Swedish environmental-equipment supplier CTT Systems (Stand 2439) is promoting its Cair airliner cabin-air humidification system to Middle East operators, stressing the health and benefits for passengers. It also provides fuselage structure zonal-drying (ZD) equipment to reduce the condensation forming above cabin ceilings and sidewalls, thus avoiding the extra weight accruing when the water is absorbed by noise- and thermal-insulation bags. CTT’s equipment is available for the three newest large airliners: the Airbus A350 and A380, and Boeing 787.
The company has recently launched a Cair system for Boeing 777-300ER airline first-class cabins, following installation on several corporate 777s; the system comprises humidification, ZD and crew-rest area applications. A similar system is standard fit on the Boeing 787 and available for executive variants, for which CTT sees a local Middle East/Gulf market for up to four aircraft.
The equipment is offered as an option on the new Airbus A350 and the A380; German carrier Lufthansa selected the Cair equipment for its A380 first-class cabins (and is seen as a potential customer for its 747-8 fleet). CTT Systems sales and marketing vice-president Peter Landquist told AIN that there is “a good chance” of selection for the upgraded 777X.
Alongside the 777, Landquist sees the Airbus A330 as a good retrofit opportunity for “a very neat system of one humidifier for first class and one or two zonal dryers.” Among smaller jetliners, CTT is running a trial with UK low-cost carrier (LCC) Easyjet on four Airbus A320s, while local LCC Flydubai has its ZD equipment on its 737-800s. Easyjet suggests that the equipment can reduce moisture by up to 250 kg (550 pounds) on each flight.
The equipment has been selected for more than 50 corporate aircraft (such as Boeing Business Jets–777 and 747-8 models–and Airbus A320 and A330 corporate jets), and CTT sees smaller business jets as a potential market.
Its focus in the Arab market is concentrated on the Cair system, with Flydubai’s 737s used for reference. “This region doesn’t suffer [the] condensation-related problems [of] more moist and cold locations,” according to Landquist.
He said that local airlines’ “response and understanding for the need to introduce the system has been quite good, but it is a discussion of who shall become the first [customer].” CTT said twin-aisle operators are most interested “as [such aircraft] are used for long-distance operation. It is a huge market, as all the Arabian carriers offer first-class [cabins], which is our focus.” Operators such as Emirates here in Dubai, or Singapore Airlines (SIA) in equatorial Asia, are seen as very good candidates for 777 applications, but Landquist does not expect to announce orders before early 2014. (Since 2007, SIA has operated CTT humidifiers in A380 crew-rest areas.)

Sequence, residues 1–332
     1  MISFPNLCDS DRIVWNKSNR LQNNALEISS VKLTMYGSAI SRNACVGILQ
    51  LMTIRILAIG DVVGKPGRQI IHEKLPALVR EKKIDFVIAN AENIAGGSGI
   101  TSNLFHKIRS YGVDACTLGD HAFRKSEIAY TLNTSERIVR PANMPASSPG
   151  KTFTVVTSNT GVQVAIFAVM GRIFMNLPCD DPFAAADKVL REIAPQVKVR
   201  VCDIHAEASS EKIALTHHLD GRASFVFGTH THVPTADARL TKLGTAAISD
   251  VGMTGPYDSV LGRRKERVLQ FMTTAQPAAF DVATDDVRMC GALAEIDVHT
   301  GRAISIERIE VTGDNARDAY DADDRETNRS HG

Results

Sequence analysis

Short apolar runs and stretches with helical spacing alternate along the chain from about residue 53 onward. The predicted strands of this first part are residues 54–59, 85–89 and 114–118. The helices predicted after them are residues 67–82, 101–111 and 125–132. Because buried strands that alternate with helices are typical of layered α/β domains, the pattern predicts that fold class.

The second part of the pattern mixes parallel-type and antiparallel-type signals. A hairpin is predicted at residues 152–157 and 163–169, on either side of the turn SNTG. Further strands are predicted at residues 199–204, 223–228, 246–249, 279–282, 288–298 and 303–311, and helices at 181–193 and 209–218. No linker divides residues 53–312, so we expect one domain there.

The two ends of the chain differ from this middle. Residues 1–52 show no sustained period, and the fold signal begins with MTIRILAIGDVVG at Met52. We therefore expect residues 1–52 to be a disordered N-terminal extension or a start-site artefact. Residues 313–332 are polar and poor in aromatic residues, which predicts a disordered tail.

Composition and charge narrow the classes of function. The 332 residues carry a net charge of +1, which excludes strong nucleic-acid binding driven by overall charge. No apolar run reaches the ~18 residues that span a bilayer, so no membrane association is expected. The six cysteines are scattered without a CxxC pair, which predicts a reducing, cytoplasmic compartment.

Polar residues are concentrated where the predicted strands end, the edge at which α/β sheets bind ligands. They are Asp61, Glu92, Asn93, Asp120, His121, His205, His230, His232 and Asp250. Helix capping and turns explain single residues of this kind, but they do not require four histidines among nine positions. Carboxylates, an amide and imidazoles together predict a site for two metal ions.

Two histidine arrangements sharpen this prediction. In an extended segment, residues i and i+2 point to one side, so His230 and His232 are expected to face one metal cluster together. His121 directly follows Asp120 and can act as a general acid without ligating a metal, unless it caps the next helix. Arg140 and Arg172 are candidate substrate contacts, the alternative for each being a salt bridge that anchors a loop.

Humidifying the 777-300ER first-class cabin can increase the air-moisture content for premium passengers “from the insanitary 5-percent level to 20 to 25 percent without significant impact on payload/range,” said CTT. “Cair is based on operator requirements and demand for an economical system, [and] increased humidity will enhance [travelers’] overall in-flight experience–more rested with less negative impact from jetlag [and] without skin, eye and throat problems. Higher humidity [also] restores the delicate taste of food and wine–flavors lost in the drier cabin ambience.”
CTT claims that demand for humidification is growing steadily. The equipment is supplier-furnished equipment on the A350, with the manufacturer also reporting more frequent airline requests for retrofit availability.
The B777-300ER system’s net weight is negligible, claims CTT, a characteristic attributed to the company’s “unique” ZD technology, and the low consumption rate (3.2 liters/hour, or an overall 43 liters on a 15-hour flight) of the humidifiers, which means that operators do not need to carry additional water. Total in-service system weight is put at 58 kg (128 pounds), while estimated retrofit installation time is about 180 hours.
Landquist said current cabin-air arrangements provide a paradox. “The objective is to increase passenger experience and well-being to motivate the premium price. The fact that passengers paying the most have been exposed to insanitary dry air has long been an eyesore for the industry. From now on, they can fully benefit from airline investments in new, better first-class cabins,” he commented.
On long-haul flights, passengers and crew are exposed to relative humidity levels of 7 to 10 percent in business- and 10 to 15 percent in economy-class cabins because of the closer seating (relative to that in first-class areas), according to Landquist. “Ironically, the cabin with [lowest] seat density and the highest cost/seat [has] the lowest humidity. Several medical studies conclude that a slight increase of relative humidity is beneficial, as the increase improves tear-film stability and nasal patency (increasing resistance to viral infections and so forth). It also reduces headaches, as well as ocular, nasal and dermal dryness symptoms.”
Landquist acknowledges ZD and flight-deck humidifier reliability problems during initial 787 service, for which CTT has developed a system upgrade involving new part numbers introduced via a Boeing service bulletin.